This upper duplex in Park Slope is down the street from Prospect Park and costs just under $5,000 a month to rent.
This duplex rental in a brownstone at 393 10th Street in Park Slope has “family-friendly” written all over it, and a not-too-steep price tag of $4,995 a month. Along with its location in the stroller-heavy Brooklyn neighborhood, there are four bedrooms (three upstairs and one down), so no one has to share space or—by extension—stuff; two full bathrooms (one upstairs and one down) so no one has to wait for a bath or a toilet; plus two walk-in closets for storing a family’s worth of clothes, shoes, toys and equipment.
Q. I own a two-bedroom condo worth roughly $1.5 million, with a $300,000 mortgage and $500,000 in the bank. I want to buy a three-bedroom for between $2.25 million and $2.5 million. What’s the best strategy to do this? Should I sell the current place and rent while I look? Or make an offer on a new place and hope to sell before I close?
A. The unfortunate trade-off of being a seller in a seller's market is that, often, you wind up being a buyer as well, and this is particularly tricky when you're in the market for pricier digs. While a host of personal factors will go into this decision, our experts recommend that you sell first—or at least line up a buyer, even if you don’t close on the deal—before you seriously bid on a three-bedroom.
A tipster from 301 Cumberland Street in Fort Greene wrote in to Brownstoner last week about the building's pee problem, which has apparently been going on since November 2013. "Bag after pee-filled bag [bursts] at the bottom of the stairs or [leaks when it lands]" in the shared basement, which also houses the laundry room, they note. As such, the common areas are starting to smell like a Meatpacking District alley on a Sunday morning in August. Delightful.
LENOX HILL, MANHATTAN: 2-bed, 2-bath co-op at 575 Park Avenue (between 62nd and 63rd). $950,000 + $4,545/mo maintenance.
If you're looking to spend just shy of a million bucks on a new home, we've combed the current listings for plenty of options in all five boroughs, from a beachfront condo in the Rockaways to a brick-laden Brooklyn multi-family to a cozy Chelsea co-op.
Chinatown is full of crowds, packed with souvenir shops--and one of the most convenient parts of the city, locals say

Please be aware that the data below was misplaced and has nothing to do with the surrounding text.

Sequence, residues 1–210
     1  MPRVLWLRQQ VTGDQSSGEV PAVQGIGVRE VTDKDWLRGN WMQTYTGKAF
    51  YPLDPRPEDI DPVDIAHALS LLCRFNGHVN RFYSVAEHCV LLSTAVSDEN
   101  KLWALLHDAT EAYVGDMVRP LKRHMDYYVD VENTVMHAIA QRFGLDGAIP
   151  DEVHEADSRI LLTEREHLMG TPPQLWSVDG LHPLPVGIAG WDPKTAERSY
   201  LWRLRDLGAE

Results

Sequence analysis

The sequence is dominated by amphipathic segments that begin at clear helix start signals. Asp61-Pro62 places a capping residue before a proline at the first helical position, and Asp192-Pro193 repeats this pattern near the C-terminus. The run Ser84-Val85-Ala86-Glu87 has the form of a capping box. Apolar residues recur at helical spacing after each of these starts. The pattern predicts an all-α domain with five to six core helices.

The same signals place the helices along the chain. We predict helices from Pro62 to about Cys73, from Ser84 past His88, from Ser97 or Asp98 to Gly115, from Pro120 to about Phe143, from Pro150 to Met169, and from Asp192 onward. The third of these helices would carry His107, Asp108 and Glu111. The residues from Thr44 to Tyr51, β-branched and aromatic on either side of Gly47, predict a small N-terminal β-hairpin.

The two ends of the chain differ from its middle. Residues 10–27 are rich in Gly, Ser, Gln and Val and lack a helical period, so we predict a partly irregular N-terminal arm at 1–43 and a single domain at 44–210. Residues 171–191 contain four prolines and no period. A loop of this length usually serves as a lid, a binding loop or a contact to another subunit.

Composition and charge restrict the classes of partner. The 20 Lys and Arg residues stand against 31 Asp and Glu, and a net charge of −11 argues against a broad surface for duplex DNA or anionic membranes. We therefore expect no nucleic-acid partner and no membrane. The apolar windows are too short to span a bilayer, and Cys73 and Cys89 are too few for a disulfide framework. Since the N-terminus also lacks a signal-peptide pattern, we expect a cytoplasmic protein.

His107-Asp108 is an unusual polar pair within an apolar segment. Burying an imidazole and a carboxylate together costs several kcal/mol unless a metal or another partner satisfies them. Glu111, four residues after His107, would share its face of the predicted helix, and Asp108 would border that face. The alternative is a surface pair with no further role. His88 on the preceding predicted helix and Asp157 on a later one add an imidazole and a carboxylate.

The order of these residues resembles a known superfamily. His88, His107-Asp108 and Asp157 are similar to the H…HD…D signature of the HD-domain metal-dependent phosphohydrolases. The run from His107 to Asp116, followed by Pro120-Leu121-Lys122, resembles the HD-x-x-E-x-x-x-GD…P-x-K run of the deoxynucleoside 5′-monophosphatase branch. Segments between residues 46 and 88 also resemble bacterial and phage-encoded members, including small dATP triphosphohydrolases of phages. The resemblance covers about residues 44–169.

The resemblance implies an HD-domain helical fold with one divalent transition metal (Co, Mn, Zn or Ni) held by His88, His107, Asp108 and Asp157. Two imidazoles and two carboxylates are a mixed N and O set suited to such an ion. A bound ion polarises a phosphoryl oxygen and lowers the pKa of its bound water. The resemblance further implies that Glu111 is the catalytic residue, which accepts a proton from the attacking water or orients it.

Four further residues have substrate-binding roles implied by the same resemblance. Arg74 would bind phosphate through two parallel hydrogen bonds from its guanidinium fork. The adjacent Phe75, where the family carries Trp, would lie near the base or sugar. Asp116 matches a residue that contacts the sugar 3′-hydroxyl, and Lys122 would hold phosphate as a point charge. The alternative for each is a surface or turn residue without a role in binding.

Confucius Plaza to Columbus Park, dim sum to muyu drum—Chinatown is so jam-packed with life and culture that it was named to the National Register of Historic Places in 2010. However, defining what is and isn't Chinatown is still nebulous: Even if you're downing dumplings, rummaging through knick-knacks with European tourists, and hearing the hum of Buddhist chants from a nearby temple, according to the purists, you may not even be in real Chinatown.
The Chinatown of today manages to remain a tight-knit ethnic neighborhood where Cantonese, Mandarin and other dialects are the talk of the day. Multiple generations of families live close together in walk-up apartments above shops and restaurants. However, as Chinatown continues to blend into Soho, Little Italy, and the Lower East Side, townhouses and lofts are an increasing part of the real estate landscape.
What kinds of insights do Chinatown residents and experts have? Read on.
According to the Pew Research Center, millennials (those 32 years old and younger) have it bad, with "the unhappy distinction of being the first generation in modern history to have a lower standard of living than their parents’ generation." Ouch! But if you're lucky enough to have squirreled away a down payment (usually 20 to 25 percent in New York City, though high-end co-ops have been known to require as much as 50 percent down), plus have a stable, solid income to pay the monthly bills and a credit score of at least 680, it makes sense to consider getting into the housing market. (Also, congratulations!) But how do you actually get a mortgage?
This week, we're asking New Yorkers to weigh in one of the most basic questions of city life: doorman or no doorman? Six Manhattanites share their thoughts.
No shallow conversations, thanks I hate the notion of having to tip somebody to sit at my front door all day. I know they do more than just sit around. But honestly, whatever that service is that they provide, I haven’t missed it in my life. And for minor inconveniences like taking packages … that’s not really enough for me to change my mind about paying extra common charges and tips, and [having a] conversation [with] a semi-stranger. Some people call their doormen "friends." But I’ve never known anybody from a doorman building to invite their doorman “friends” over for dinner. Or have even anything more than shallow conversations with them about sports and the weather. - Glen, Harlem
We've always been skeptical of pairs of double beds that couples share in old movies, but double sinks? Those seem ideal. We've combed the current listings for apartments on the market with his-and-hers (or his-and-his or hers-and-hers...) bathroom setups. Sometimes, sharing is overrated.
The Real Estate Survival Guide for NYC Buyers, Sellers, Renters & Dwellers
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